Money rarely changes hands anymore
Thanks to banking technology, few transactions actually use cash. In fact, hard currency represents only 11% of the money supply in the U.S. The rest of our "money" flows digitally from a paycheck to a bank to a retailer, and then through the retailer's supply chain, to be deposited in another business' account... to start the journey over again.
That means our money has been transformed into zeros and ones. It's intangible, invisible. It's information. Which is central both to the problem we face—and to its solution.
To make money smarter, we can start with smarter banking technology. By applying unprecedented computing power to perform advanced analytics using technology such as stream computing and deep computing visualization we can turn this numerical ocean of credit and risk into actionable insight and intelligence. That technology is already in play across other industries that have embedded sensors in their supply chain. Sensor technologies are in use to improve supply chain performance (US), healthcare network efficiency (US), city management and even the monitoring of natural systems like rivers (US) by capturing information that can lead to better decision making.
The trillions of transistors that are already embedded into the real economy are starting to feed previously unimaginable data back to the global financial system—providing new sources of information to create value and manage risk.
We can see intelligence making an impact with the emergence of smart banks. For instance, the Operational Riskdata eXchange Association, a consortium of 52 leading financial institutions, uses blinded data to improve statistical modeling, more accurately quantify risk exposure and address regulatory compliance needs. We also see intelligence transforming entire global markets. Consider foreign currency exchange, the world's largest single market. Intraday settlement risk of more than $2 trillion in daily volume—more than 60% of foreign exchange transactions—has been reduced to zero.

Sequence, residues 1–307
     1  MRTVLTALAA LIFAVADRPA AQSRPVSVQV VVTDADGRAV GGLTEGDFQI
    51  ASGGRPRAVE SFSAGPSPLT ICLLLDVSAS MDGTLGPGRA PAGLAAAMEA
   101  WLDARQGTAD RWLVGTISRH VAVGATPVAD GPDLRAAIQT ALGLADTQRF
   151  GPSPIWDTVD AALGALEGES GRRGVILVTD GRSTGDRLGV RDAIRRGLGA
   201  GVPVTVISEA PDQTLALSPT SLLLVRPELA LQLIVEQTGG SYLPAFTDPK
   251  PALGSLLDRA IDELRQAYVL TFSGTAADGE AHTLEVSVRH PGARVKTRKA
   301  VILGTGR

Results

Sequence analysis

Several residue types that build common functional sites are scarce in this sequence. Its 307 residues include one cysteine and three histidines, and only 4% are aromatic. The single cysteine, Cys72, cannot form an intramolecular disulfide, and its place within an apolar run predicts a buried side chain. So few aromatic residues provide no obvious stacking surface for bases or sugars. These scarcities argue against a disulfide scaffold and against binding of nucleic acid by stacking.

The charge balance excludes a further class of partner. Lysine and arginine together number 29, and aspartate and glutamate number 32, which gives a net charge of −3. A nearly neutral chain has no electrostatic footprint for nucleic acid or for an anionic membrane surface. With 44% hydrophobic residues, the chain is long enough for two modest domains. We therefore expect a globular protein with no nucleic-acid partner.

This new kind of high-speed, high-security, high-transparency system is how smarter banking technology can lead to smarter money.
A series of conversations for a smarter planet
Toward transparency and sustainability: Building a new financial order
How will the financial markets industry make money in the future? The current financial crisis has exposed the problems with creating and exploiting "pockets of opacity" across the system. If the industry is to deliver sustainable returns, it will have to embrace change. It will need to begin by working with regulators to build a financial system that is stable while still allowing for healthy innovation. Individual firms will also have to specialize and learn to fulfill their brand promises.
Undressing in public: Harnessing the power of Web 2.0 to rebuild trust in banking
More customers are online than ever before. This IBM Institute for Business Value white paper spells out why banks should learn to use methods such as blogging and social networking to cost-effectively and efficiently reach an increasingly fragmented and dispersed customer base.
Growing trust, transparency and technology: Insurance customers' perspectives in a global context
This updated IBM Institute for Business Value study shows that insurers in the Americas, like their European counterparts, suffer from a lack of consumer trust and that heightened transparency, service and flexibility will be necessary to reach the customer of the future.